The Iowa City school board special election on July 19 offers the community a unique opportunity to take important steps forward. For members of the community who participated in the development of the Facilities Master Plan (FMP), we are anxious to see improvements to schools throughout the district.
In May 2015, the school board passed a secondary boundaries plan consistent with the FMP that balanced socioeconomic populations at the three junior highs and three comprehensive high schools. Among many other contingencies, the plan directs students from Kirkwood to Liberty High and students from Alexander to West.
A few weeks ago, Directors Chris Liebig, Lori Roetlin, Phil Hemingway, and Tom Yates stunned the community by rejecting the May 2015 plan. Three days later, Director Yates resigned.
In their recent guest opinions, Directors Liebig and Roetlin said they do not want to “burden the most vulnerable” students by having them take a bus to school. They fail to mention that most students at Alexander and Kirkwood are not in walking distance of any of the high schools. Further, the May 2015 plan included school-paid busing, making it unnecessary for students to pay out-of-pocket. They fail to mention the data from our own district showing no correlation between academic achievement and the distance a student lives from school. And they fail to mention the data from our own district showing an 88 percent correlation between schools with disproportionately high free or reduced lunch (FRL) populations and reading and math proficiency. In other words, disproportionate FRL population is the most accurate indicator of barriers to education in this district; busing is not a barrier to education.
With apparent disregard for the data (which is on the district’s website), the Liebig plan keeps City High over capacity and enrolls twice as many students qualifying for FRL at City and West High than at Liberty High, which will be significantly under capacity. These socioeconomic and racial disparities will only increase. Based on the data from our own district, the Liebig plan reinforces barriers to learning created by disproportionate FRL populations.
Still, in his June 29th blog, Director Liebig accuses those favoring a balanced district of “treating low-income families worse than other families.” According to Liebig, we should send students to schools that are closer to their homes even though we know — with empirical certainty — that they will face barriers to education.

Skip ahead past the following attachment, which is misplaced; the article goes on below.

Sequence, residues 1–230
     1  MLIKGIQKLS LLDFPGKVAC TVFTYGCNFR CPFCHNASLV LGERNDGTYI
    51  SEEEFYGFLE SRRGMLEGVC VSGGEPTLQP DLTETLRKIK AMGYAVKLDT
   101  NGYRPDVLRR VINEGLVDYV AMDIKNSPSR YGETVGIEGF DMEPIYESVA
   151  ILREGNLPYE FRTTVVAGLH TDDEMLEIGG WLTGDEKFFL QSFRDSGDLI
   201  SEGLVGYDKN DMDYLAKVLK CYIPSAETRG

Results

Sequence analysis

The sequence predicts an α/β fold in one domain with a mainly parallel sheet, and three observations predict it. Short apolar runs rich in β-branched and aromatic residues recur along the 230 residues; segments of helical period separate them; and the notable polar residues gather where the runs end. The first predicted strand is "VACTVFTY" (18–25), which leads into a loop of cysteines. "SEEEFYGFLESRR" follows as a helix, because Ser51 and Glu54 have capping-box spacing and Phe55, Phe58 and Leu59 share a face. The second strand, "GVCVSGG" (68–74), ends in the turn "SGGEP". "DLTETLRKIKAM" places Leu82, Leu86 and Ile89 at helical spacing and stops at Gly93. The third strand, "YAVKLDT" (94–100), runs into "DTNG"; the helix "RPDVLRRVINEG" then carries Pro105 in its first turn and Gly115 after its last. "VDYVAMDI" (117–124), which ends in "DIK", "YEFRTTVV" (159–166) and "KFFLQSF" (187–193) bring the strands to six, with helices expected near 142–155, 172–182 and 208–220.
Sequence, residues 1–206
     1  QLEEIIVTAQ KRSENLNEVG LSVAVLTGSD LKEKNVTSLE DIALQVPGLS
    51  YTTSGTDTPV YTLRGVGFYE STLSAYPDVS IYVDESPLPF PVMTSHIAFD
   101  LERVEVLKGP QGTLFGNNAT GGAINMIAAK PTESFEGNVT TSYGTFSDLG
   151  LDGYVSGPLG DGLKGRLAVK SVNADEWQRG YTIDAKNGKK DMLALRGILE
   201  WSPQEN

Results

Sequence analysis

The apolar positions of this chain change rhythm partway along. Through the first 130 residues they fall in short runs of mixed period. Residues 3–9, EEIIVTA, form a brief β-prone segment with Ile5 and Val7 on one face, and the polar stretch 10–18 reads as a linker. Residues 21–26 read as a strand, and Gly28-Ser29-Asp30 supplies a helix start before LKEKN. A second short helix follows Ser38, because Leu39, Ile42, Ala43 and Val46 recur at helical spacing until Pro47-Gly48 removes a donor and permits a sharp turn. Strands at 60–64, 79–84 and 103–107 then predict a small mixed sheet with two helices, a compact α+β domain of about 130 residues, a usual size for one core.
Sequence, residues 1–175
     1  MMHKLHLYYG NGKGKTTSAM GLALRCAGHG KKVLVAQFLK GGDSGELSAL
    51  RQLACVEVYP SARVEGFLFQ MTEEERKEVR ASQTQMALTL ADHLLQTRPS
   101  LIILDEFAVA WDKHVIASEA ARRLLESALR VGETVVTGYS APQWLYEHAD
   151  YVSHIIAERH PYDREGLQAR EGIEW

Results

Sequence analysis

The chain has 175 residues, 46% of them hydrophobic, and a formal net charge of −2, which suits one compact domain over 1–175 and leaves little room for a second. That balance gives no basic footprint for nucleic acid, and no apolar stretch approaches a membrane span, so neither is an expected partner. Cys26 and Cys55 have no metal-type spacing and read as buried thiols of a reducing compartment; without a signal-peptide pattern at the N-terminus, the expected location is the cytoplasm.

Director Liebig’s “solution” is to allocate more resources to our overcrowded, high-FRL schools. To be effective, weighted resource allocation would require the district to cut large class sizes in half and hire more teachers. Under the Liebig plan, there is no space for additional classrooms and, thanks to the Iowa Legislature, no funding for additional teachers. Another consequence: schools with low FRL populations will pay the price by having the largest classroom sizes in the district.
Director Liebig has cautioned the community against talking about white flight and segregation because he says it might offend poor and minority students. He writes that proponents of a balanced district are “channeling alarmism and fear.” Our district’s demographics show that people with resources already choose not to live in higher poverty neighborhoods. If the community finds this reality alarming, we should do something to help poor people and people of color instead of reinforcing barriers to their education.
Directors Liebig and Roetlin have argued that we should not balance the secondary schools until the elementary schools are balanced. Because everyone agrees that balancing the elementary schools will take years to accomplish, we should at least mitigate barriers at the secondary level in the meantime.
On July 19, I will vote for Paul Roesler. Paul supports the May 2015 plan that moves the district forward. Our community cannot afford to reinvent the FMP every time we elect new board members. Paul will hit the ground running so that our children can reap the FMP’s benefits.
• Mary Kate Pilcher Hayek is a local attorney. She has a Master’s in Education and was formerly a high school English and Spanish teacher. Comments: email@example.com.
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